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Friday, November 25, 2011

Farsighted - Emily Chand

I've been gone for a bit, but not because I've had nothing to do. I've had the pleasure of reading a number of books for review, and here is one of them. "Farsighted" by Emily Chand, and I should add it was a real pleasure to read indeed.

Score: 30
Rating: 4 out of 5 stars


Alex Kosmitoras may be blind, but he can
still “see” things others can’t. When his unwanted visions of the future begin
to suggest that the girl he likes could be in danger, he has no choice but to take on
destiny and demand it reconsider.

What worked:

At first I was a little apprehensive about reading the book. There I said it. It sounded cool, interesting, unique in a few ways, but I usually end up having a bone to pick with these kinds of books (I'll get into this later though). I found myself pleasantly surprised though. And here's why:

First and foremost, this was a well written book. Given the number of independent books and especially self-published books I've read, this is a real treat. The language flows nicely, the characters are realistic, have personality, and Chand truly has a gift with word usage. And knows how to edit! These things made the story even more enjoyable because I was able to read and just get lost in the story for a change. And the story is easy to get lost in. The first day I picked it up I had every intent of just reading for a little bit and instead got about 90-pages in. Given that I'm a slow reader, this is pretty cool.

The second thing I loved about this book is the sensory details. The main character is blind, so naturally the story is going to be told through things that are not sight related. The author does a great job of this. It's great to "see" the world in a new way.

Generally my bone to pick with stories like this one is the concept of can you really alter your future? But the book does a good job of dealing with this issue. Plot-wise the story is definitely more coming of age than I thought. I was expecting more paranormal elements, and there were a lot, don't get me wrong, but it wasn't the focus of the story. Same could be said about the romance. Which I should add, I don't ship the cannon pairing, in case the Author was curious.

Finally, the characters were all diverse and easy to connect with. Having a main character you care about is always important in a story, and Alex is definitely a real teenage boy - angst and all. He has social quirks, unique ticks, mannerisms, and flaws. There were times where I didn't like him because he had real flaws. In fact, any time I didn't like a character, it was because of a flaw (sans one, but I'll get to that later).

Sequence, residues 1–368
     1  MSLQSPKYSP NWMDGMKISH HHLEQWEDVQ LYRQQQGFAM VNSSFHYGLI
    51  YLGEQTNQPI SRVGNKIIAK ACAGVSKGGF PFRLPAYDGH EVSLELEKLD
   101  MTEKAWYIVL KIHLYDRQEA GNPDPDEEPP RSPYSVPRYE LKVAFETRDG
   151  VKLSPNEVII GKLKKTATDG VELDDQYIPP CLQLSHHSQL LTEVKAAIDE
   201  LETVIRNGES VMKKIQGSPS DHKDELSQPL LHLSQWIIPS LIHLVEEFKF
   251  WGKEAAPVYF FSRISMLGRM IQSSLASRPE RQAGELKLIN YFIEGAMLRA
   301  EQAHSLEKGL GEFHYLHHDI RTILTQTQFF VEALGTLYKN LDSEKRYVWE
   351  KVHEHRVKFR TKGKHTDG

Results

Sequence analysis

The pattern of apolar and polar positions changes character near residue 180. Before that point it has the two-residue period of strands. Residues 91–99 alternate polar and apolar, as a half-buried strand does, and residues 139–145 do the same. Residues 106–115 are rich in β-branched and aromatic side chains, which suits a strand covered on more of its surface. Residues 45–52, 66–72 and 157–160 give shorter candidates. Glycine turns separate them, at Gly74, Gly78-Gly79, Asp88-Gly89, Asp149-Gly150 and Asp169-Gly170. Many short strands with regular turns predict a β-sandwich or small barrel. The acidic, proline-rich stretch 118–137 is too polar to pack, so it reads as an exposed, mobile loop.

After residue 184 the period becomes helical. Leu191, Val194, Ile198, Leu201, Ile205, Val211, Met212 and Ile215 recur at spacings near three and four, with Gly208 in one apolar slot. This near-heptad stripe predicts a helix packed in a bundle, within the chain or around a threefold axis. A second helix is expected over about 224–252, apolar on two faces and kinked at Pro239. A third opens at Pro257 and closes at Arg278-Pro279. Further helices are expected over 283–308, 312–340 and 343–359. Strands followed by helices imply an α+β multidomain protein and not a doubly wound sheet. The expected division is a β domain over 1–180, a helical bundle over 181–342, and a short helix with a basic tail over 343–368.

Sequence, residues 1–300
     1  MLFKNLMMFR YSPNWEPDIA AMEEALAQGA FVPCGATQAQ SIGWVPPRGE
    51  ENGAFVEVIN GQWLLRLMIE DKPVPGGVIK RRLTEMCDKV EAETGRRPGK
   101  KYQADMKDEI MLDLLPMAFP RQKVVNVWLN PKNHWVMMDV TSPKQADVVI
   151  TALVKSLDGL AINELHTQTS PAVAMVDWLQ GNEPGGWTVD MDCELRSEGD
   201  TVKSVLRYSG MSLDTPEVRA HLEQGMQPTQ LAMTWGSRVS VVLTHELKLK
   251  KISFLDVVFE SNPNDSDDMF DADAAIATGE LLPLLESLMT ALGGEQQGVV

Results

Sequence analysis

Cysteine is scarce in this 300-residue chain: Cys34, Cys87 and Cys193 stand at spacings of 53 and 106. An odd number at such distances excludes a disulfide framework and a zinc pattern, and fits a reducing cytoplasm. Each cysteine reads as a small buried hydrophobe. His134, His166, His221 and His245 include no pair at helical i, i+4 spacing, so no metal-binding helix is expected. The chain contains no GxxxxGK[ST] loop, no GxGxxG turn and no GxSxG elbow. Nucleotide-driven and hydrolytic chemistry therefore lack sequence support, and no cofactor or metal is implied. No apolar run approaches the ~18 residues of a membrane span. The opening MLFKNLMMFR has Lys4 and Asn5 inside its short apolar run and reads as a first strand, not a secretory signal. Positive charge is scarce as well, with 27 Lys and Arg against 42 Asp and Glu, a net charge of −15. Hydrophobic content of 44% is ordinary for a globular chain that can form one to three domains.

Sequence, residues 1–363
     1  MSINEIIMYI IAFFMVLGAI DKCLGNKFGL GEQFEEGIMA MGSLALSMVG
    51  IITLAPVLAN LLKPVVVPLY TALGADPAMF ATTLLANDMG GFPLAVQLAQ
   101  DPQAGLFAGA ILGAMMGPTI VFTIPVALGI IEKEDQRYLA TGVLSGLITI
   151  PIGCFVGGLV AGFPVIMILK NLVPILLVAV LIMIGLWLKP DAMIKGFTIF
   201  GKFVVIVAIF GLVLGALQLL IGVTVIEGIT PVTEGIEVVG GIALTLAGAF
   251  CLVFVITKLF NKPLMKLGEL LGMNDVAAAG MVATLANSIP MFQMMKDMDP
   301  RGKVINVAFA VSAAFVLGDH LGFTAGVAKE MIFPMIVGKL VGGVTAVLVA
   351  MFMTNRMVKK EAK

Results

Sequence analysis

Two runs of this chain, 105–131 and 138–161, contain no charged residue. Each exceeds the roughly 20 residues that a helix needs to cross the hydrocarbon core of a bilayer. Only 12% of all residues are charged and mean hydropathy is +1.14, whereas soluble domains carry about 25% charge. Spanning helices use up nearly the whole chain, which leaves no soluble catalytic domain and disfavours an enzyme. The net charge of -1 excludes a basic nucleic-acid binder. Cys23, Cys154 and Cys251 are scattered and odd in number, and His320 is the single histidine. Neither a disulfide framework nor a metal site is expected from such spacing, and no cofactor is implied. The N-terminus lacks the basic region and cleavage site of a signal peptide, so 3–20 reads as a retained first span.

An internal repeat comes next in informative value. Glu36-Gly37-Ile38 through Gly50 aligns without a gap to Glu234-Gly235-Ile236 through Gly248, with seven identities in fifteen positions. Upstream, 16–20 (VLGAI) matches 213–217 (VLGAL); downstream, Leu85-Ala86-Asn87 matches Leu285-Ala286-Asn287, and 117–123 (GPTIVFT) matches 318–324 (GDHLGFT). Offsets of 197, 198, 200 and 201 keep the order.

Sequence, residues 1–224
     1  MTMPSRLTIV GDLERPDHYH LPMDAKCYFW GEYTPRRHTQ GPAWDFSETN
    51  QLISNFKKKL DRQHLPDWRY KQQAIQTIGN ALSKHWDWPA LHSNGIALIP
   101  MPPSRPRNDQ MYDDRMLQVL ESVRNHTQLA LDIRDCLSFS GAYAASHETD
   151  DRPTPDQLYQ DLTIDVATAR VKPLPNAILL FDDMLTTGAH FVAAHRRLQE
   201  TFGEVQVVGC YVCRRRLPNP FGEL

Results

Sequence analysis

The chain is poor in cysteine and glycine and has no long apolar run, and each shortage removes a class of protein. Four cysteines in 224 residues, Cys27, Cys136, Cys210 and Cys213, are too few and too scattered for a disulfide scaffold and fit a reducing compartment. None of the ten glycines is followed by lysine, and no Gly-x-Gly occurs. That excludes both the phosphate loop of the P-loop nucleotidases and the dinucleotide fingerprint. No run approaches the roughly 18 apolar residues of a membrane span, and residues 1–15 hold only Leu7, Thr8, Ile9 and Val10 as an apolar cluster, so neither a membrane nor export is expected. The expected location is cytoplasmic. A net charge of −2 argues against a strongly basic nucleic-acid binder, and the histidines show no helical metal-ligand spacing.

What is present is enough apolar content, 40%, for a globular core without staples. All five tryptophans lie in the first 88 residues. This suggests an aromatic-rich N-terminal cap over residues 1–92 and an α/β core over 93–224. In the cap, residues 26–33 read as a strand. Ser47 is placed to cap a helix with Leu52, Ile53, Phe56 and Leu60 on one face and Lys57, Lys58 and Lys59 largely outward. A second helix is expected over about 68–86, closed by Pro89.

Overall, it's a great read.

What doesn't work:

Most of the things I didn't like about the book are purely personal. One of them was pacing. There were a few spots where it felt a little off. Descriptions about activities that I wasn't particularly interested in. The other one was that I just didn't like Simmi much, but I'm not going fault the author for that. She's a gentle person, but came across as kind of flat. There's a lot I would like to see expanded about her life. The other thing I had an issue with was the how the mother came to term with everything.  All of them are minor things though. There wasn't anything that really made me not enjoy the book, but I can't sit and say it's a perfect one either.

I would recommend this book to both male and female readers though for sure! Great story, and a fun, easy read.


  1. Thank you for this honest and very fair review, Sack Boy. I definitely agree with your points as to what didn't work. When readers tell me they love Simmi, I'm like whaaaa? I too think I used her too much as a plot piece and not enough as a character. Same with Alex's Mom. I hope to give both these ladies more depth with the later books in the series :-D

    Any chance you'd be willing to cross-post this review of Amazon and GoodReads? I'd sure appreciate it!


  2. I found your review and take on Farsighted interesting! I also liked the sensory descriptions of how Alex 'sees' the world.